National sorority leaders sent a letter to all sixteen University of Virginia sorority chapters back on January 20, urging them “not to participate in activities related to ‘men’s bid night’ [this] Saturday and to instead plan alternative ‘sisterhood events …'”
This did not sit well with many on campus, however.
Two days ago, the university’s student council passed a resolution saying the letter “perpetuates the fundamental power dynamics underlying the issue by forbidding sorority women to exercise their agency.” (University-speak translation: “It perpetuates the oppressive patriarchy!” Normal translation: “Hey! We’re legal adults! We can make our own decisions!”)
The council’s chairman, Abraham Axler, who provided a copy of the letter to NBC News, said the response “is not about people fighting for the right to party. It is a response to what we feel is an infringement on the values of the students of UVA, particularly the value of self-governance.”
… the National Panhellenic Conference had a standing policy saying members would not participate in men’s recruitment events. That point was also made by Linda Kahangi, the national executive director of the Alpha Phi sorority, in an emailed statement to NBC News. “This has everything to do with reminding UVA chapters of existing policy and nothing to do with a lack of confidence in smart, strong, women who are members of the Alpha Phi chapter at UVA,” she said.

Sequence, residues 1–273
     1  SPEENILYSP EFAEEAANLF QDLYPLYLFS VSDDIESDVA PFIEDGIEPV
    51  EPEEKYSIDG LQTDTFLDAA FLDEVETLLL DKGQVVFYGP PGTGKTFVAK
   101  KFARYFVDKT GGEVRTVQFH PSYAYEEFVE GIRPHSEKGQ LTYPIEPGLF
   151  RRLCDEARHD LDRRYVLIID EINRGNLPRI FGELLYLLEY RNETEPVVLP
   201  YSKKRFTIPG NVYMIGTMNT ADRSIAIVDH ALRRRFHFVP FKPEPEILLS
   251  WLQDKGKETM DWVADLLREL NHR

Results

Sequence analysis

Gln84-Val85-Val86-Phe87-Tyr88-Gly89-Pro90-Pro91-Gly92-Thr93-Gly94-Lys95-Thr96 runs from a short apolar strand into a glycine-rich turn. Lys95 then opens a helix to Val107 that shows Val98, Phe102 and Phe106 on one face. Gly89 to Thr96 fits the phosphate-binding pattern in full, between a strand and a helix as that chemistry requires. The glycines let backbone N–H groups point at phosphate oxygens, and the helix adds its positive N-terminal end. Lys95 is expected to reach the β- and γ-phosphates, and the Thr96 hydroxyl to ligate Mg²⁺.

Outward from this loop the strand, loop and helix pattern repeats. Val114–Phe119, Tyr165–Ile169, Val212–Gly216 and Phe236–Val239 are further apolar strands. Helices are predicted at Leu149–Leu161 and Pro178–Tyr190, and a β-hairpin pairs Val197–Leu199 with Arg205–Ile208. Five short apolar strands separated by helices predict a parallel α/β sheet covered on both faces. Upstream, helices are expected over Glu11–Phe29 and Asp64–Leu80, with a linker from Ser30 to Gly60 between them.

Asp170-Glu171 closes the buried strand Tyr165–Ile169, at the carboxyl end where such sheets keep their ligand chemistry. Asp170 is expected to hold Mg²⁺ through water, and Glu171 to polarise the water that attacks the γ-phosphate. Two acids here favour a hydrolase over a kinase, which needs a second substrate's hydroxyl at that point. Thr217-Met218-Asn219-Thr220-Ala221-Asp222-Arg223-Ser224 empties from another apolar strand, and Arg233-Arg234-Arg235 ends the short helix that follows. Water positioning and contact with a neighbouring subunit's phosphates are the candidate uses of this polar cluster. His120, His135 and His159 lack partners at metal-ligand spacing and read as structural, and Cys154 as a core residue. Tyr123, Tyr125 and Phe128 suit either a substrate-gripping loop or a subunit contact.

UVA spokesman Anthony P. de Bruyn said the university was not involved in the sororities’ request. “With regard to activities scheduled for this weekend, we have confidence in our students’ ability to use good judgment, be mindful of one another’s safety, and adhere to the new safety practices developed by them and outlined in the recently revised Fraternal Organization Agreements,” he said.
Lest ye despair that the oft-cited “one in five women are sexually assaulted in college” figure will be forgotten along with the idea behind the UVA Rolling Stone “rape” story, here’s Daillen Culver, a UVA senior who signed a Change.org petition against the national sororities’ letter:
“I would just like to turn the focus back to people and to the rape culture and how that is perpetuated on college campuses,” she added. “And not only just on college campuses, but in society as a whole … I think we need to address that before we try and forbid women from going out to a party on a Saturday night. It’s just not a sustainable solution.”
Some members of UVA sororities told the Washington Post that they were visited by representatives from their respective national chapters and threatened with suspensions or fines if they attended any frat “bid night” parties.